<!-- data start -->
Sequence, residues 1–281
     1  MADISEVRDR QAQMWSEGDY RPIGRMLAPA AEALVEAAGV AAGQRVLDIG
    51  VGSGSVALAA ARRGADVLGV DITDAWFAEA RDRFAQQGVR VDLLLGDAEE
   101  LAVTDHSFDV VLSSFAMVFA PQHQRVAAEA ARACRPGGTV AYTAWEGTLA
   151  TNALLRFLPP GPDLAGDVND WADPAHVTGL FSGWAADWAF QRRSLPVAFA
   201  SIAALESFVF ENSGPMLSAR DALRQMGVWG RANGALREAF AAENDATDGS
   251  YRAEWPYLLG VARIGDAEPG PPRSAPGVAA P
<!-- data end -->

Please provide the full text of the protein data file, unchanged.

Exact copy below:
Sequence, residues 1–281
     1  MADISEVRDR QAQMWSEGDY RPIGRMLAPA AEALVEAAGV AAGQRVLDIG
    51  VGSGSVALAA ARRGADVLGV DITDAWFAEA RDRFAQQGVR VDLLLGDAEE
   101  LAVTDHSFDV VLSSFAMVFA PQHQRVAAEA ARACRPGGTV AYTAWEGTLA
   151  TNALLRFLPP GPDLAGDVND WADPAHVTGL FSGWAADWAF QRRSLPVAFA
   201  SIAALESFVF ENSGPMLSAR DALRQMGVWG RANGALREAF AAENDATDGS
   251  YRAEWPYLLG VARIGDAEPG PPRSAPGVAA P